1. South to Louisiana: The Music of the Cajun Bayous By John Broven
  2. Interview with John Uhler.  1954.  CDS
  3. The Rayne Acadian-Tribune (Rayne, Louisiana) 08 Nov 1979
  4. Lyrics by Smith S and Stephane F
Release Info:
BS-94402-1 La Fille De St Martin | Bluebird B-2172-A
BS-94403-1 La Valse De L'Amour | Bluebird B-2172-B

Thursday, July 22, 2021

"Chere Petite" - Jimmy Newman

Jimmy Yves "C" Newman was born in High Point, Louisiana, near Big Mamou, and raised in a bilingual family with parents who delighted in the cowboy sounds of Gene Autry and the country music of Jimmie Rodgers and The Carter Family. Mr. Newman's father died when he was a teenager, and he left school after six years of education, to work on a farm. During World War II, Mr. Newman worked in a defense plant as a welder's helper, and there he met an electrician and music aficionado named J.D. Miller.1,2  

Eh, chère petite, 
Moi j'm'en vas, moi tout seul,
Et pour ça, quoi t'as fait, 
Avec moi, il y a, pas longtemps,
Eh, mon cœur fait mal,
De te voir t'en aller,
Aussi loin avec un autre, 
Si j'connais je donne pas mieux.

Après ma mort, tu vas veiller,
Tu vas mendier pour tes mêmes choses,
Quoi t'as fait avec moi,
Il y a, pas longtemps, chère petite.

Jimmy "C" Newman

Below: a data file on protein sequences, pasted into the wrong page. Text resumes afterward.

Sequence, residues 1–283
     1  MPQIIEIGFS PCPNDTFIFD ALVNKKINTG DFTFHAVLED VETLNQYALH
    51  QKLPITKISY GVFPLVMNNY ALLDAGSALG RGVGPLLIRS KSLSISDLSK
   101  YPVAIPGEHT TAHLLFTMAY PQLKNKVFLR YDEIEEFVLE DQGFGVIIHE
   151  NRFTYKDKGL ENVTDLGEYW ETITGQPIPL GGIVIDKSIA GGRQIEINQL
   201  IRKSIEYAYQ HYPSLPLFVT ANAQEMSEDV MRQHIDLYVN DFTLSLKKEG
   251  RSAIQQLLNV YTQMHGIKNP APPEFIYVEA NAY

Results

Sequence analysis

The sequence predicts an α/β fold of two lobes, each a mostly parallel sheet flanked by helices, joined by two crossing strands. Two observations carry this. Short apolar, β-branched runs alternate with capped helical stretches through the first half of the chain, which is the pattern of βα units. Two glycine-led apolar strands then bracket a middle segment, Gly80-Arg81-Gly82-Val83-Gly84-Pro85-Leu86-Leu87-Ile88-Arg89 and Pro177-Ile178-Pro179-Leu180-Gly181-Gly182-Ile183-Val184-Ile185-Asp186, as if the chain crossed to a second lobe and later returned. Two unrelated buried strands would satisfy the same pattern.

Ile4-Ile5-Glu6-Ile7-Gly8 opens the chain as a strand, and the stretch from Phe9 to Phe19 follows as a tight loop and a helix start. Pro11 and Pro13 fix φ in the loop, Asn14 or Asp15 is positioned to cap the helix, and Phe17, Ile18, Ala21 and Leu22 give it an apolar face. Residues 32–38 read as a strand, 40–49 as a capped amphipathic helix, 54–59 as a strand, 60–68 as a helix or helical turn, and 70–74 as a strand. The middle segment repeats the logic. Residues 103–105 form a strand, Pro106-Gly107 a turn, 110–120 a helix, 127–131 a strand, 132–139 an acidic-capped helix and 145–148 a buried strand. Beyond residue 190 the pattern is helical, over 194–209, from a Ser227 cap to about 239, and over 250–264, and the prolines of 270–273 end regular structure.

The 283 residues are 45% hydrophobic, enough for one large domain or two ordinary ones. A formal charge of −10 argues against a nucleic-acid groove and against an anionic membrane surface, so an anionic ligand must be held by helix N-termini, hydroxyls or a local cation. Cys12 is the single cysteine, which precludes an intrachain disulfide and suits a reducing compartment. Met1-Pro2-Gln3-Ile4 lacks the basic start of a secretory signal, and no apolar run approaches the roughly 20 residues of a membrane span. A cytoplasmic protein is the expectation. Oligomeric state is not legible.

Jimmy first stint was with Murphy "Chuck" Guillory's billing in 1948.   The Bihari brothers of Modern records had previously helped release Harry Choates' Jole Blon two years earlier and they were scouting other Cajun music in Louisiana.  They had spotted Chuck's band playing Eunice and had them record the song, possibly in New Orleans.  Chuck and J.D. Miller kicked off Jimmy's musical career with his first vocal recording entitled "Chere Petite" (#20-612). The flip-side was "Gran Texas", sung by Julius "Papa Cairo" Lamperez, made famous later by Hank Williams.  However, Miller had struggled to gain commercial awareness.   Even Iry Lejeune in 1954 covered one of his tunes "I Made A Big Mistake", after Newman failed to garner success with it in 1953. His stint didn't last long with Chuck, leaving Chuck's group in 1950 to carry his on his own.